Why the Citizens who can should vote:
• Because, on the presidential level, this election poses the clearest choice in decades about the role of government.
• Because each party proffers diametrically different views on how to right the economy, how to provide adequate health care to most Americans, what are necessary services and who should provide them, among other issues of contention.
• Because even in most of the states where the presidential campaign circus did not alight, there are important things to be decided, including which party controls the U.S. Senate and U.S. House of Representatives and by what majority and which party in what states will control the state legislatures and the governorships.
• Because there are also important issues to be decided. In California, for instance, there was no visible presidential campaign and no real contest for statewide offices, but the tax issues on the ballot will determine the quality of education in the state and what services its government will be able to afford.
• Because, in a larger sense, the healthy democracy depends on the active involvement and consent of the governed.
• Because the most basic act of citizenship is participating in charting the direction of the nation, state and family through one's vote.
Why 95 million American citizens may not:
• Because 50 million American citizens are not registered due, in part, to the United States' unique system requiring the individual citizen to qualify himself or herself through personal registration and re-registration when they move. In almost every other advanced democracy, the government provides the list of qualified voters and all the citizen need do is vote.
• Because in this election, there have been some partisan efforts to make it more difficult for some citizens to vote.
• Because between the claims of potential fraud by one party and suppression and intimidation by the other, the citizenry has been presented a bleak and undeserved view of the integrity of the election process.
• Because a large portion of the electorate have lukewarm and mixed feelings about the major party presidential candidates -- not trusting one to right the economic ship of state in the next four years and not trusting the other as a human being.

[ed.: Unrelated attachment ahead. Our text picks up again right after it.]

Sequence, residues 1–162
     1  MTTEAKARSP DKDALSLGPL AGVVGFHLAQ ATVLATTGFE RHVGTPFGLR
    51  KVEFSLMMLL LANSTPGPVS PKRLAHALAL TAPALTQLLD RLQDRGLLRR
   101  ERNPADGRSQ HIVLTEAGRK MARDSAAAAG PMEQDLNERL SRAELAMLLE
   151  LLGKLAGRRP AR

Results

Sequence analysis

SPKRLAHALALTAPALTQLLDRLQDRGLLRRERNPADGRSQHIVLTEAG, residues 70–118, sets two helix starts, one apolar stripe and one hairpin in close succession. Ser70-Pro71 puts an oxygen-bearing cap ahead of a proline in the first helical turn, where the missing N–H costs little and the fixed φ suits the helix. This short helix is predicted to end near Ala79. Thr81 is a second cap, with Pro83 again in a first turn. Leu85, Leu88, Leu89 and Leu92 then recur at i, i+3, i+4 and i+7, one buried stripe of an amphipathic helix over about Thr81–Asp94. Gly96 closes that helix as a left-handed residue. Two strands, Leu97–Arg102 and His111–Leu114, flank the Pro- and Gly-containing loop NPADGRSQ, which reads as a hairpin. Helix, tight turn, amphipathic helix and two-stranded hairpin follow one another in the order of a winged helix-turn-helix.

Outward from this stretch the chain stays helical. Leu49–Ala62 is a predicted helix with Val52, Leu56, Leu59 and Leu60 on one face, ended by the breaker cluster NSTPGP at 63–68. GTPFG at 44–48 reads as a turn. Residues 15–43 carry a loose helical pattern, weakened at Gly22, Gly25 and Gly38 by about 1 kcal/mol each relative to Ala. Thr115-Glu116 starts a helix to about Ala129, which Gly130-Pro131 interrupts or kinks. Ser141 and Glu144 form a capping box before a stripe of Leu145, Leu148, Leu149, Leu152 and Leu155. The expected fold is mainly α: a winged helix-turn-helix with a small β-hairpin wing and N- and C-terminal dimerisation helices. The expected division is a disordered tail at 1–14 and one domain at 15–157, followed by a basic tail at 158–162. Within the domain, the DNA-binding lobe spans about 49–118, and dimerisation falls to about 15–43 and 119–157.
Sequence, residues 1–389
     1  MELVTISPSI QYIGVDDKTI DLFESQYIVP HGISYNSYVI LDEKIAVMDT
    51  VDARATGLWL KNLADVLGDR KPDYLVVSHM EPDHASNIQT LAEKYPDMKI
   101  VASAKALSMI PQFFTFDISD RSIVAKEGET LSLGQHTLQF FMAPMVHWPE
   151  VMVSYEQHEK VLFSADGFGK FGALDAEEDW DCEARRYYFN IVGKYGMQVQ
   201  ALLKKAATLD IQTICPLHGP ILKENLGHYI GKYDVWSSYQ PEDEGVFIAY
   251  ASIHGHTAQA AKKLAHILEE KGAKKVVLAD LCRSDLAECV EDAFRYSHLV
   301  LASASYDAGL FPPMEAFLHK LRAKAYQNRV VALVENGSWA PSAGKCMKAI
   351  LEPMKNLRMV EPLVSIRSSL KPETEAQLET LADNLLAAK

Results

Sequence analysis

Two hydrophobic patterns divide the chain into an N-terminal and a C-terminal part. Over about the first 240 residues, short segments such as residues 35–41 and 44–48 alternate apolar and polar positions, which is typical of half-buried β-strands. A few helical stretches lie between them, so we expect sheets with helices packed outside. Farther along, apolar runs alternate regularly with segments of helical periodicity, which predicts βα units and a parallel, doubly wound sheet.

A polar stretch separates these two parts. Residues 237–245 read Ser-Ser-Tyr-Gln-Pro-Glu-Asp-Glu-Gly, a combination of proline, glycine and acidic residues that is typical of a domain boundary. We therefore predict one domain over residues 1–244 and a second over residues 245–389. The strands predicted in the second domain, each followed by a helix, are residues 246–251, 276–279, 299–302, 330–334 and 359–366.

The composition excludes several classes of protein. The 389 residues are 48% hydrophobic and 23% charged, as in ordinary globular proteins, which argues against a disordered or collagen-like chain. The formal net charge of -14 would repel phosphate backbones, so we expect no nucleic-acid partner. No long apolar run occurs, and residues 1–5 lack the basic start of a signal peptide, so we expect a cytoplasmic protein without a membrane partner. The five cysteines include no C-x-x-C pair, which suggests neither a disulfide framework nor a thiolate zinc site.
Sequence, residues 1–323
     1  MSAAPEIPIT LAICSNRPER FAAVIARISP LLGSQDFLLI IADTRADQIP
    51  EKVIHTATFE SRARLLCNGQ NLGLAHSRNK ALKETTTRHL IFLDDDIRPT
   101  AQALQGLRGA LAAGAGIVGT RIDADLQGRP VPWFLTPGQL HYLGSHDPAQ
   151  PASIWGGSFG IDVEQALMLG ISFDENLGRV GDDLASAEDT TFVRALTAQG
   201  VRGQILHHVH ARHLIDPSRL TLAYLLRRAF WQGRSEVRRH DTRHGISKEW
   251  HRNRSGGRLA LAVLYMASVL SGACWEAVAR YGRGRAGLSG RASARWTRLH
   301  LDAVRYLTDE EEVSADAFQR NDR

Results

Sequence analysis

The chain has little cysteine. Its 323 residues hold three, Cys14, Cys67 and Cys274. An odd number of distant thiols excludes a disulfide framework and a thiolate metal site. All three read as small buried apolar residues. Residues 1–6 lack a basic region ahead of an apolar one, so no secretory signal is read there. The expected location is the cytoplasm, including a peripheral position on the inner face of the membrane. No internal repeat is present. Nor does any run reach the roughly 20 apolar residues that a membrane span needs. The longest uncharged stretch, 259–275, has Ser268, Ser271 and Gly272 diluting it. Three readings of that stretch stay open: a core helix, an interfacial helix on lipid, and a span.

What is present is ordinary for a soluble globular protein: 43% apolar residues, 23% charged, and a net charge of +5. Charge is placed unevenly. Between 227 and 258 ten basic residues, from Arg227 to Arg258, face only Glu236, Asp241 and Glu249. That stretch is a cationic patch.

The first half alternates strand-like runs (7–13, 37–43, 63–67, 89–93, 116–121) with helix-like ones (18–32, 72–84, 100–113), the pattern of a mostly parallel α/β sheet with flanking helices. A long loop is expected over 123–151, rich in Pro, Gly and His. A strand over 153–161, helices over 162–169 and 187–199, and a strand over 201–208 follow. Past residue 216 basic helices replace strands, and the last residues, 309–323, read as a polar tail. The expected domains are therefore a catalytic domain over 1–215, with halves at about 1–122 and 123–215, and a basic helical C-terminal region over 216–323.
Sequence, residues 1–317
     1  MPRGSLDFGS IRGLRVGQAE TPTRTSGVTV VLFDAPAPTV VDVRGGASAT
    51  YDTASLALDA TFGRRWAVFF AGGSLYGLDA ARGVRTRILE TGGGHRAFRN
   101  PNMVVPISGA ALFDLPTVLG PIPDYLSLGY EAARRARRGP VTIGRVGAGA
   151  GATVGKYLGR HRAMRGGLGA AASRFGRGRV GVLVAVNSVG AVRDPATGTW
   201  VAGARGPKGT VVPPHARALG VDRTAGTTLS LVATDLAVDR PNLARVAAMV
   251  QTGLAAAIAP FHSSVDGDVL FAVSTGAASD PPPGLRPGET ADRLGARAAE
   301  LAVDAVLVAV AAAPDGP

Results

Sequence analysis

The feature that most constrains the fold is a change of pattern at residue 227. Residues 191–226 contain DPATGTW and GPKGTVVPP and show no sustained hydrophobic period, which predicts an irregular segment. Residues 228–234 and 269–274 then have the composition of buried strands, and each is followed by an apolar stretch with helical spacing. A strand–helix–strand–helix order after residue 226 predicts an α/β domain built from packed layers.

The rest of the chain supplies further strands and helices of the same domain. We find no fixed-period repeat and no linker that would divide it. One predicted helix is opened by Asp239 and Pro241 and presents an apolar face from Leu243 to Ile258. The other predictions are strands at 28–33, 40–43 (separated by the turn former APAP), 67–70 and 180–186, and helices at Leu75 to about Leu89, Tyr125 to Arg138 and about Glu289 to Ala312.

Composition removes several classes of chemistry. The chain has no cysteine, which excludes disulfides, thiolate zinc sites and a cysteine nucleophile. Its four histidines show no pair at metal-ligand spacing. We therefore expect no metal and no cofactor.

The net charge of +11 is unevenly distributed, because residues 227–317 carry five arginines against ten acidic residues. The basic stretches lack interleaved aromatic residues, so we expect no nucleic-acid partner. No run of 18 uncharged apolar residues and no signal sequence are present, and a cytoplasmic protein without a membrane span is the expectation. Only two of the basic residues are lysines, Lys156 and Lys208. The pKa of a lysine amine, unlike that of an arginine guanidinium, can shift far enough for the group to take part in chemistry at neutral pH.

• Because the political consultants for the candidates and outside groups have run, by and large, the most distorted and dishonest campaigns in history in the largest volume, in terms of number of ads, in history -- all helping to blacken the name of all candidates and the political process as a whole.
• Because this year's campaign has been devoid of any sense of idealism -- of causes larger than the self.
• Because the current winner-take-all method of choosing electors in all states but two has resulted in the two parties not mounting a presidential campaign in two-thirds of the states -- those in which one party or another has a lock on the partisan presidential result, as in all of New England, except New Hampshire, for the Democrats and most of the South and Utah for the Republicans.
• Because many states have adopted procedures aimed at making it easier for citizens to vote, like no-excuse absentee voting, that actually hurt turnout.
• And, in this year and to a minor degree, Hurricane Sandy whose effects will make it harder for citizens to vote in the states hardest hit by the storm.
But there are larger reasons for diminished citizen involvement in politics. The religion of civic responsibility and duty has atrophied. There has been a decline in both the quality of education and the quality and quantity of civic education in the schools, only now beginning to be righted. The young grow up in homes in which the majority of parents do not vote and a large majority don't discuss politics. Much of the inspiration that drove particularly the educated young to high levels of participation in the 2004 and 2008 elections has been lost.
American politics has become so polarized, now due largely to the Tea Party element and its enablers within the Republican Party, that the public has lost confidence in governance. The ever-greater level of income inequality and the lack of attention by either major party have made the poor feel increasingly left out of the political system and without hope that they might someday share in the American dream. Modern communications technology has atomized and fragmented the citizenry. The potential demise of the print-on-paper newspaper, along with the weakening of both unions and the political parties, has deprived the citizenry of three of the four institutions that formerly provided a commons of shared information and values. Communitarian values have been overwhelmed by libertarian and consumerist values. Cynicism, some deserved, some not, sadly pervades the media.
A durable restoration of democratic health and lasting citizen involvement will not be accomplished by procedural quick fixes. The problems that democracy faces are large and about their remedy, we should not think small.